You know, of course, that there’s a lot of pathetic rubbish that pretends to be a Byronic document, hoping to borrow a little of the popular lustre our author still enjoys.
This 1949 film is now just one more scrap in the trash, although it had some things going for it:
Not as bad as its reputation would suggest, since it is well acted and stylishly shot, but the script is undeniably silly. Starting with Byron (Price) dying in Greece, it cuts to a celestial trial at which the women in his life appear to give evidence, their stories being seen in flashback. The fatuous point is to determine whether Byron is a great poet and fighter for liberty or a bad, evil rake. Very basic stuff, historically inaccurate and not made any more convincing by the eventual revelation that the judge is Byron himself (though his lines have hitherto been delivered by someone else (Time Out review)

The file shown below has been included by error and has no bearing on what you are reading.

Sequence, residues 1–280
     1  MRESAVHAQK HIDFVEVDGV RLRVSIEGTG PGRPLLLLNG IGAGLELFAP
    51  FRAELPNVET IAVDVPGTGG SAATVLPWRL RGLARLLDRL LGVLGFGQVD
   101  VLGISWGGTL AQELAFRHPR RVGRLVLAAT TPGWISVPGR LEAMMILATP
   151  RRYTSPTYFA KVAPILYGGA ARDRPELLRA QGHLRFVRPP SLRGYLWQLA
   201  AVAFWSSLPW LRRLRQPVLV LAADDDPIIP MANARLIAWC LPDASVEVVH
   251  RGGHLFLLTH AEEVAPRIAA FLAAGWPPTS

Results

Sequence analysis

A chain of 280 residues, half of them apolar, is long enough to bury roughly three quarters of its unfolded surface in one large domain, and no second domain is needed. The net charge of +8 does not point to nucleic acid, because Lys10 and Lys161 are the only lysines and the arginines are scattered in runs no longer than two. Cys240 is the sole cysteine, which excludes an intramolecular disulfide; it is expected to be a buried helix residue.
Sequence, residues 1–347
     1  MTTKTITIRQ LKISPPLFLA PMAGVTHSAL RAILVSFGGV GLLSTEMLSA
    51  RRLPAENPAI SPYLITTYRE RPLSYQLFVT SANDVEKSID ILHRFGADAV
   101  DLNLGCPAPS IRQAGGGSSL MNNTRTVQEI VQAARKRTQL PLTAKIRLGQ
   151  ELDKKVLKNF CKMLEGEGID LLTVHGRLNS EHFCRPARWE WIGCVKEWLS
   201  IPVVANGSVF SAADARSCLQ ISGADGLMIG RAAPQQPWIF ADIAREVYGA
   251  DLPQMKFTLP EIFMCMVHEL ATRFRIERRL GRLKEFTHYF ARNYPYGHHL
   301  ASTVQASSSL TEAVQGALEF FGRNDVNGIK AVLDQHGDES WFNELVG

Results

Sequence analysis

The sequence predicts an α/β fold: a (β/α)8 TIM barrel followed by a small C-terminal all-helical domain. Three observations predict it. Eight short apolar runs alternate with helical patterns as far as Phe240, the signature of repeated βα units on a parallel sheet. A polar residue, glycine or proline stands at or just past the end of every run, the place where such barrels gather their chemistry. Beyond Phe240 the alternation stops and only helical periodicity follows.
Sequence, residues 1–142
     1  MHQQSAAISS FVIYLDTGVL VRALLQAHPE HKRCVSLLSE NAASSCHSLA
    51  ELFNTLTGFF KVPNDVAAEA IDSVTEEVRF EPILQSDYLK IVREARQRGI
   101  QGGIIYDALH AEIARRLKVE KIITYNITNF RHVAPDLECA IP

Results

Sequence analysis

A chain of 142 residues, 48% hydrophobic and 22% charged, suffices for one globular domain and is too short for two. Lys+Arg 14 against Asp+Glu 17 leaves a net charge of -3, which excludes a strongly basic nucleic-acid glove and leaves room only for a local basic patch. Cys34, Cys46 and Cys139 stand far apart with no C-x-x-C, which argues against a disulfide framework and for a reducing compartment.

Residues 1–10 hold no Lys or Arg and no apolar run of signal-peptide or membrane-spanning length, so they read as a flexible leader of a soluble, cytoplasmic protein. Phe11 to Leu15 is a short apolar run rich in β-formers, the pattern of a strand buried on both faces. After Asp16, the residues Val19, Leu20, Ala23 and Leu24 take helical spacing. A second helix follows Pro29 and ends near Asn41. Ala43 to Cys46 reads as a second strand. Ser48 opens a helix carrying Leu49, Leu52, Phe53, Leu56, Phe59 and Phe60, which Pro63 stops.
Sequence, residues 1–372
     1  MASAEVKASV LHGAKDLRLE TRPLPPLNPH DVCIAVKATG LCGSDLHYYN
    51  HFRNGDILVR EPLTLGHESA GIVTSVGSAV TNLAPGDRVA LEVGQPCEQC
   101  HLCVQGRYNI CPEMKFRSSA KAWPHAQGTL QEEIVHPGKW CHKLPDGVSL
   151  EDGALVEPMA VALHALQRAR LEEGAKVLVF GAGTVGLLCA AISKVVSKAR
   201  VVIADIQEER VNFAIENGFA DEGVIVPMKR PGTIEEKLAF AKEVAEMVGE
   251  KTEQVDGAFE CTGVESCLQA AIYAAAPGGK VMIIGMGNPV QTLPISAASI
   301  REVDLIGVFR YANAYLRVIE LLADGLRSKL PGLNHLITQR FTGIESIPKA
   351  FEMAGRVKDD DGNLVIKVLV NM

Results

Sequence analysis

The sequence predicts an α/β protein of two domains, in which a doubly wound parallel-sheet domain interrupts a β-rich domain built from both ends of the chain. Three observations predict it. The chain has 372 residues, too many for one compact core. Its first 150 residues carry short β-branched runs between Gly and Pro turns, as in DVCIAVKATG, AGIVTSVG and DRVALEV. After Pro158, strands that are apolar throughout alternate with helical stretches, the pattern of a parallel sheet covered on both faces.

Cinema-goers were not interested. It lost £180,000 on release in 1949 — then, a huge sum.
I haven’t seen it. Denis Price looks too arch to me; altogether too precious to be a credible Byron. But the principal female parts were taken by some stunning beauties whose presence in the drama must have accounted for something. Then Peter Quenelle was one of the writers…
Here are some image comparisons. I’ve picked historical portraits of each of the principals that I believe are the most likely to be accurate. In Byron’s case, this is the original copy of the Thorvaldsen bust. The modern actors are
|Gordon, Lord Byron||
|Annabella Millbanke||Sonia Holm|
|Caroline Lamb||Joan Greenwood|